By ELLEN T. TORDESILLAS
TO control the damage wrought by President-elect Rodrigo Duterte’s verbal assault on media during his press conference Tuesday justifying the extra-judicial killing of journalists, Peter Laviña, spokesman for Duterte’s transition team said media, his principal’s remarks were “taken out of context, misinterpreted, and misunderstood.”
That is adding insult to injury. That is like saying media did not report accurately Duterte’s statements.
Same thing with Duterte’s spokesman and press secretary Salvador Panelo’s statement that GMA-7 reporter Mariz Umali “should be complimented” for the president-elect wolf-whistling or cat-calling at her when she asked a question.
Panelo said:”Mayor Duterte is a very kind, playful individual. Pag siya’y pumito, ibig sabihin he’s fond of you, ibig sabihin mahal ka niya, kaya ka binibiro. Hindi po isang pambabastos yun. On the contrary, the receiver of that should be complimented.”
Matutuwa dahil binastos ka?
Umali’s husband Raffy Tima, also a GMA-7 reporter is not amused and definitely he does not consider it a compliment
In his Facebook post, Tima said, “Catcalling my wife is wrong in so many levels. I expected that from a Mayor Duterte. I know his reputation well enough not to be shocked by it, but that does not make it right. For someone who espouses leadership by example, catcalling anyone in a press conference with all cameras trained on him defies logic. Then again, that’s Mayor Duterte.”
But what hurt Tima more was the reaction of people in the room: “What appalled me even more was how some people in the room reacted. Most laughed, others made teasing noise and basically urged the mayor to dish some more! And he did. I do hope none of them were journalists because if they were, shame on them.”
Tima further said, “When you see or hear anyone say something wrong you do not encourage it, you do the opposite. Or in that particular instance at least, they should have kept quiet and in their silence gave the message that what the mayor did was wrong. Some jokes are funny and should be laughed at. But disrespecting women is definitely not one of them.”
In fact, Duterte’s very own city’s Women Development Code as embodied in Davao City’s Ordinance No. 5004 and Executive Order No. 24 considers “Cursing, whistling, or calling a woman in public with words having dirty connotations or implications which tend to ridicule, humiliate, or embarrass the woman such as ‘puta (prostitute),’ ‘boring,’ ‘peste (pest),’ etc” a form of sexual harassment.
Media groups have expressed alarm over Duterte’s statements saying most of the journalists killed were corrupt. He said a mouthful to amplify his stand that “You won’t be killed if you don’t do anything wrong… If you are a journalist who is doing what is right, nobody will touch you, especially if (what you write) us true.”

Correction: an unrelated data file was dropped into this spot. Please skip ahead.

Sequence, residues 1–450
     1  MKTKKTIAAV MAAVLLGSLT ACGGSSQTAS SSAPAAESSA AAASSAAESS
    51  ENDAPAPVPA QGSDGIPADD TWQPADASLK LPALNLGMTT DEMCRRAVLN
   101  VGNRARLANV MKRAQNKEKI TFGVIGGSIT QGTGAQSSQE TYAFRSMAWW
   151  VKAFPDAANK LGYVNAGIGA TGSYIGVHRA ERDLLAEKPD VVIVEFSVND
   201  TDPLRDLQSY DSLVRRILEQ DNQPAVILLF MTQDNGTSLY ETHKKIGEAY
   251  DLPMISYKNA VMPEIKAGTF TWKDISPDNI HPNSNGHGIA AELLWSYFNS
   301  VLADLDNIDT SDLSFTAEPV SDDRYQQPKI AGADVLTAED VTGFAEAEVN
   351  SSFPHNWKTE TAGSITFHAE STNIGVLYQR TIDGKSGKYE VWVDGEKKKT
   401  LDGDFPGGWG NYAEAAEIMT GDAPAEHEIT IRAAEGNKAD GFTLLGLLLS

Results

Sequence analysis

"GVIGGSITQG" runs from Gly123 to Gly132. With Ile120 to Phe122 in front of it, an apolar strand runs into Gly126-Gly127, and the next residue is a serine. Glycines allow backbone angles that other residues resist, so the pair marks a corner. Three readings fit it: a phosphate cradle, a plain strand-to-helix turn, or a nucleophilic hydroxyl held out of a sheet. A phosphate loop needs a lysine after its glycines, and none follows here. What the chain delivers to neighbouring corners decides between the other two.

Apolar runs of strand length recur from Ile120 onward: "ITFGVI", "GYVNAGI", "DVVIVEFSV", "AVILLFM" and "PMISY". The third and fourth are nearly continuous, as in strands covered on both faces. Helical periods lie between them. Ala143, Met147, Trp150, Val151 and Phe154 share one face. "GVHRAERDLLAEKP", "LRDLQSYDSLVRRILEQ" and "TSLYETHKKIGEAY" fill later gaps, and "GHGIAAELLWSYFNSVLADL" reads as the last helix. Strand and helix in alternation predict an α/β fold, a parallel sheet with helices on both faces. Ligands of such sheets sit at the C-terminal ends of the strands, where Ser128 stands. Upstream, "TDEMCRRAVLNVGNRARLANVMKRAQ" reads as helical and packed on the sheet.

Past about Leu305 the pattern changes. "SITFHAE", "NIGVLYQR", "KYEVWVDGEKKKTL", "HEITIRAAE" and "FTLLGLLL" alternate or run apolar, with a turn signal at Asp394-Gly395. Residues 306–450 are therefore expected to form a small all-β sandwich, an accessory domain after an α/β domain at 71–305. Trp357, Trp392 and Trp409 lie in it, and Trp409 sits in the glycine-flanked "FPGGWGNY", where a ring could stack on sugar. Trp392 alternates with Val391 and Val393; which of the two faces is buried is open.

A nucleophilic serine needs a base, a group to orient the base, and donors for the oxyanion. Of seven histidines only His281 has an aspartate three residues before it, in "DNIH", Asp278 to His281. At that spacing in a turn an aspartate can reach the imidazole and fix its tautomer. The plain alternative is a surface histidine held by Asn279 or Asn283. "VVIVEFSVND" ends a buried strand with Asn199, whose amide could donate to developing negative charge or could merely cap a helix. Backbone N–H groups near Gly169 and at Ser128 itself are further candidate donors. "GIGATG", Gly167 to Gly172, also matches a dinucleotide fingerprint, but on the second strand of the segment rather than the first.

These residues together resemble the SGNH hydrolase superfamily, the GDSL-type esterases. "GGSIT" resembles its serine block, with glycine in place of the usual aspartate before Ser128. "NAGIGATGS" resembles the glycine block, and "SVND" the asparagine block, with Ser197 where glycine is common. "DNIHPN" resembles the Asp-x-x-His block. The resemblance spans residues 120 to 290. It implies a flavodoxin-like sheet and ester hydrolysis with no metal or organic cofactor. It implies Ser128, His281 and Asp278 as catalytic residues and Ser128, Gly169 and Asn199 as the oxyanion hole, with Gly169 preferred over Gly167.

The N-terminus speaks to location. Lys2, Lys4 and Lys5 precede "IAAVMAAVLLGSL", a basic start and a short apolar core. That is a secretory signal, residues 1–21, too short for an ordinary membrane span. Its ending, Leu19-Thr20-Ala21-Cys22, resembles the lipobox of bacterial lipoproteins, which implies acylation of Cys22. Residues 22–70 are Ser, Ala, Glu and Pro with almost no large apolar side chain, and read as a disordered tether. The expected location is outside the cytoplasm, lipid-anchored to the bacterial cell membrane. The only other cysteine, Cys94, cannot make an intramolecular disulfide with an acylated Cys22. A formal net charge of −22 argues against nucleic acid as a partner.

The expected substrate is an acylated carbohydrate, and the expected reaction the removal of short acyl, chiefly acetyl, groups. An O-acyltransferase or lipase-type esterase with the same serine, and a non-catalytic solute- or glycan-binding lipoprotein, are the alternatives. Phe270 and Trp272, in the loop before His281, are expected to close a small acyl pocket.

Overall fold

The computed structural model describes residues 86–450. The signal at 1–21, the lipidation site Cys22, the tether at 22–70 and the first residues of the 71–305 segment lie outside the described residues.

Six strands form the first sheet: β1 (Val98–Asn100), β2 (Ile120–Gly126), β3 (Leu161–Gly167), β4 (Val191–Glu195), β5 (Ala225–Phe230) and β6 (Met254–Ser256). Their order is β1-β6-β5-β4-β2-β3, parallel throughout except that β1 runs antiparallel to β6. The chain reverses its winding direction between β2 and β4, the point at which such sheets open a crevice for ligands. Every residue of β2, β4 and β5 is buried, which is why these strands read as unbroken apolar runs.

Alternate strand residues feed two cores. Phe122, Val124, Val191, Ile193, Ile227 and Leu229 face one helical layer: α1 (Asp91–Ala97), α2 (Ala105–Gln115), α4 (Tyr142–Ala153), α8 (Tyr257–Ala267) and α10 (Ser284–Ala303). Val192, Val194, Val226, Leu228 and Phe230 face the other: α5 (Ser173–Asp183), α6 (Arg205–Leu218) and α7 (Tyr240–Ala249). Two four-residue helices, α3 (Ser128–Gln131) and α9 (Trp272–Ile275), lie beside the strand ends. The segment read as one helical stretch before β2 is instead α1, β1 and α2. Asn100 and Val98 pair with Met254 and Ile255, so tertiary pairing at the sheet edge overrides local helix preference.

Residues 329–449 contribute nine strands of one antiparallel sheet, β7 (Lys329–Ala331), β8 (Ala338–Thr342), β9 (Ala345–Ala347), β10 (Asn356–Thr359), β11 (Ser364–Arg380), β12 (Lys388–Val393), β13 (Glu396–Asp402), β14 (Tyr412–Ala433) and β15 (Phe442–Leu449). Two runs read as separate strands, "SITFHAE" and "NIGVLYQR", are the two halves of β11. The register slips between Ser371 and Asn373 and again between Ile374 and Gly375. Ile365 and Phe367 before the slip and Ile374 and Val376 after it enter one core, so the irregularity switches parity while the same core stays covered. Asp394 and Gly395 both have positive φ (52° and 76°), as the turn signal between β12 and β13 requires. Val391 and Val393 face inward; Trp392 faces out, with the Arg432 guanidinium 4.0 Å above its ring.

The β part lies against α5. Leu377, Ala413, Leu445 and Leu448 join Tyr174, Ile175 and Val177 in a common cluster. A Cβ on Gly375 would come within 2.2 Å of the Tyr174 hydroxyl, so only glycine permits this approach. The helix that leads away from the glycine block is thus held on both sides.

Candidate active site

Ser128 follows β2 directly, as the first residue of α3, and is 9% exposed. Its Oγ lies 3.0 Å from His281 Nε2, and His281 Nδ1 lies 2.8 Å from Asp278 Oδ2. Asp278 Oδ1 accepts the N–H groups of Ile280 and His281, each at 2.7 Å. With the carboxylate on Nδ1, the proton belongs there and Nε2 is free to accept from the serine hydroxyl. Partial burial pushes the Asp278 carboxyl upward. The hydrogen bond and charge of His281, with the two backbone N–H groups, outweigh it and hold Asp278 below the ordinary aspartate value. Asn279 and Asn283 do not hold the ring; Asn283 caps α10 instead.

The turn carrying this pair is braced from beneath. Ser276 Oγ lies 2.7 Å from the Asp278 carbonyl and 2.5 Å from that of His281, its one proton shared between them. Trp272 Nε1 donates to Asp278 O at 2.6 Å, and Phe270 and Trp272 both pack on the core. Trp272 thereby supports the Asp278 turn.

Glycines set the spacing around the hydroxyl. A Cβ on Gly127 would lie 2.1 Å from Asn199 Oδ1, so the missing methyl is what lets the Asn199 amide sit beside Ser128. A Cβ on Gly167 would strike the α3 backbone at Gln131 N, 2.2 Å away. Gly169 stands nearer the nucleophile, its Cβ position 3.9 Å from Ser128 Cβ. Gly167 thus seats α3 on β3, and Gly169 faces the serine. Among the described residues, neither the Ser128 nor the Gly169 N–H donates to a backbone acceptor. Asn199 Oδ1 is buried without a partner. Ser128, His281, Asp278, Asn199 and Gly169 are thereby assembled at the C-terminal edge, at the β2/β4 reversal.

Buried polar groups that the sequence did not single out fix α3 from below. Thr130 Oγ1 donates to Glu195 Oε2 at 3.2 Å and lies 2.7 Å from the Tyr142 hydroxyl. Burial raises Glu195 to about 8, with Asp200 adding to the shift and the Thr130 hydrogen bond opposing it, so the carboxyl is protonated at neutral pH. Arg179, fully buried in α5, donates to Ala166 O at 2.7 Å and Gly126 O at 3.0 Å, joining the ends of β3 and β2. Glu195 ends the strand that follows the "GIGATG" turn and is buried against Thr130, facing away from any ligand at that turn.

Duterte’s statement is not supported by the cases of slain journalists in the Philippines (176 since 1986). The National Union of Journalists of the Philippines cites “the murders of Edgar Damalerio of Pagadian City, Marlene Esperat of Tacurong City, and Gerry Ortega of Puerto Princesa City, and, of course, the most heinous of all, the November 23, 2009 Ampatuan massacre, of which 32 of the 58 victims were media workers, making it not only the worst case of electoral violence in recent Philippine history but the single deadliest attack on journalists ever.”
And even if some of those journalists were corrupt, killing them is not justifiable. There are many ways to fight media corruption – report them to their editors and publisher. File cases against them.
Reporters Without Borders (RSF), the Paris-based organization that promotes and defends the freedom to be informed and to inform others throughout the world, is appalled by the Philippine president-elect’s statements. “Not only are these statements unworthy of a president but they could also be regarded as violations of the law on defamation or even the law on inciting hatred and violence,” said Benjamin Ismaïl, the head of RSF’s Asia-Pacific desk.
RSF urged Philippine media to demand an apology from Duterte and “to boycott the Duterte administration’s news conferences until the media community gets a public apology.”
Duterte went ballistic on RSF’s call to boycott his presscpn. In a two-hour long presscon Thursday night, Duterte said dared media to boyrcott him.”“Putang ina sinabi ko mga ugok, putang ina I can lose the presidency, my life, my honor. Just don’t fuck with me. Huwag niyo na akong takutin. Boycott, boycott, leche kayo, edi mag-boycott kayo!”
I don’t agree to a media boycott. That would be reneging on your responsibility to inform the public of happenings that affect them.
This is not the first time that a Philippine president has insulted media. In 2014, in his visit to Brussels, the outgoing president, Benigno Aquino III , in defending his administration’s disappointing human rights record said, “For instance, in the media killings, some who used to work in media died. Did they die because they were investigative journalists? Were they exercising their profession in a responsible manner, living up to journalistic ethics? Or did they perish because of other reasons?”
During Gloria Arroyo’s time, it was her husband, Mike Arroyo, who mouthed the same lines.
Whether the journalist’s killing was work related or not, that is murder. Murder is a crime.
A president is supposed to fight crime, not encourage it.